“When I started dancing, I realized that this is something that was a lot of fun. The music is really up-beat. It wasn’t sleazy. It wasn’t like going to some dark, smokey bar somewhere,” he remembers. “I can’t quite tell you why it is that I started calling. You know, I guess, I started because it was a challenge.”

Wilson hasn’t had a “real” job since.

“Now grab your partner by the hands!” (Photo by Amar Dillon)

In the early days, he’d travel north to call a Friday night dance in Santa Rosa or go south to Monterey. However, the major scenes, like San Francisco and Berkeley, were hard breaking into since they typically had a caller who had been there for years.

“For me to get into the dance scene calling in the Bay Area I had to go to tiny little dances way out in the fringes,” Wilson says. Once he drove all the way to St. Helena from Santa Clara and came home with only $75 in his pocket.

When Wilson’s daughter was born, he knew things needed to change if barn dance calling was to be his ultimate career.

So he started calling dances for private events, like birthdays, weddings and anniversaries. He even stood up on stage at a memorial service to call Contra for someone who loved the dance dearly.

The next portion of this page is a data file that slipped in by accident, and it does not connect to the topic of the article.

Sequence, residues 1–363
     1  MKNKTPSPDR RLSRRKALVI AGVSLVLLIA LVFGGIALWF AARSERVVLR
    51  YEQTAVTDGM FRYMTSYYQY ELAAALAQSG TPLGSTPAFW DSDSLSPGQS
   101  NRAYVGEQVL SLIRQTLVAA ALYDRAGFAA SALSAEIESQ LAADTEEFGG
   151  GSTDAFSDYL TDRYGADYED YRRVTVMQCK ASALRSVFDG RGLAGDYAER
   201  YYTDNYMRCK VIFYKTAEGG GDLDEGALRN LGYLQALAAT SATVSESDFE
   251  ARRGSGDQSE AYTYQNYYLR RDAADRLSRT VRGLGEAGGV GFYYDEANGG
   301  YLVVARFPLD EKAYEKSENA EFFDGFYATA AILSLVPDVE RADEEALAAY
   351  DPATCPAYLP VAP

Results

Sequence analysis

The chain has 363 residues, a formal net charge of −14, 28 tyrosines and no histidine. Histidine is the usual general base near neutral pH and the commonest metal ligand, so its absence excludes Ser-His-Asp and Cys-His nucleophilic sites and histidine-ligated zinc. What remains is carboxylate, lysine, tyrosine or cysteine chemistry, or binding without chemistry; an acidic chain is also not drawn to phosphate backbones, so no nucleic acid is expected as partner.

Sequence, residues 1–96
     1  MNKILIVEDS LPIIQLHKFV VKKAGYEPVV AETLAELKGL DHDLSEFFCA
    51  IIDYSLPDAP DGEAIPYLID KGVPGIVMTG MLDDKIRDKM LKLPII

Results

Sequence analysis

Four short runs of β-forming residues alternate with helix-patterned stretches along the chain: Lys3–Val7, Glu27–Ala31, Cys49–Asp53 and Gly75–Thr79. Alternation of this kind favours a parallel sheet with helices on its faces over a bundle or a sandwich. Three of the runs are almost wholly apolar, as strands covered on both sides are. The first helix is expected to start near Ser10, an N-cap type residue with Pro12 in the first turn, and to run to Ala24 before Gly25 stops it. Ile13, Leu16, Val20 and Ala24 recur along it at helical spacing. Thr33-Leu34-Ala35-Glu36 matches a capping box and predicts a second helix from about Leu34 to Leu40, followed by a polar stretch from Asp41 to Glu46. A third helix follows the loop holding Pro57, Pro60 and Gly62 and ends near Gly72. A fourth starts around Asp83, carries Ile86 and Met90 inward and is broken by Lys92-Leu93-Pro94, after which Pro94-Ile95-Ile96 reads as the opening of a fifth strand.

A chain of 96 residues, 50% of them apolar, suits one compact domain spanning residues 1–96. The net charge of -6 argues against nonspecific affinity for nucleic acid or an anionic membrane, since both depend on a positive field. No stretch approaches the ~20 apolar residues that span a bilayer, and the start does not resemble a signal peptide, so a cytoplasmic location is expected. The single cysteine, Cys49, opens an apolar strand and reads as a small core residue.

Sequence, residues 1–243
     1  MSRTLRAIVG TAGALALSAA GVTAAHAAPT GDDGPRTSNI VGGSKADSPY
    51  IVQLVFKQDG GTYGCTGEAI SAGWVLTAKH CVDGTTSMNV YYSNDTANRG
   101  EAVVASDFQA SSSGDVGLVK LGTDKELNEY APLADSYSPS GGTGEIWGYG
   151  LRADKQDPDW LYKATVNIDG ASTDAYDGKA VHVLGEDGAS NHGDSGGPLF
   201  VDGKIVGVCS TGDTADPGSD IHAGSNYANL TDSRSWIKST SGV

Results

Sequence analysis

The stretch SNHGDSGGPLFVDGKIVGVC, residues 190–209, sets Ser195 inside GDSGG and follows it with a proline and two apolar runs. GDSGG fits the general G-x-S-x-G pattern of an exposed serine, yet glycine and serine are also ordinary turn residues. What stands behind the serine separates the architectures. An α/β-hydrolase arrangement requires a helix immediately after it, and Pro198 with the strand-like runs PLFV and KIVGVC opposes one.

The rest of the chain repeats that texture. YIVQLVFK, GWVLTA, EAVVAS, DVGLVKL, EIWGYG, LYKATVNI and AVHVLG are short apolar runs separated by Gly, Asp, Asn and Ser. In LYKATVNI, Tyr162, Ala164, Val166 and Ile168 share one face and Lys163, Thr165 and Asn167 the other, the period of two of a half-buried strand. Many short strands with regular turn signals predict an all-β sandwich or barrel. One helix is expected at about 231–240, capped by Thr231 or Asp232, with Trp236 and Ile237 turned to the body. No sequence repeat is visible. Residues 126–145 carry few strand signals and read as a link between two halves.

“Bow to your partner now forward and back…” (Photo by Amar Dillon)

“Promenade like a little red wagon, one wheel off and the axle draggin’. Home you go; square your sets. Now couple number two!”

The Pie Ranch barn dance is born

In 2006, soon after he and his family moved to Pescadero, Wilson was approached by Jered Lawson, one of the co-founders of Pie Ranch, to see if he’d be interested in starting a community event at their farm.

Lawson himself had a special connection to barn dancing that Wilson had actually been a part of.

He and his now partner, Nancy Vail, met at a dance that Wilson was calling for an Ecological Farming Association annual gathering in Pacific Grove, Monterey.

A warm welcome and night of entertainment awaits participants at Pie Ranch. (Photo by Amar Dillon)

“It happened that the couple who are the heart of Pie Ranch, they were not a couple then. They were dancing, but they were dancing not as partners,” Wilson tells me. “At a moment in the dance when they happened to be next to each other, apparently I said, ‘Now, dance like you mean it!’ and each of them looked at the other. And that was the beginning, the spark of their relationship.”

Lawson wanted to create a regular, community event at Pie Ranch and could think of nothing better to bring people together than a barn dance. And, given their history, having Wilson as the caller would make it all the more special.

Seeing potential in the idea, Wilson agreed.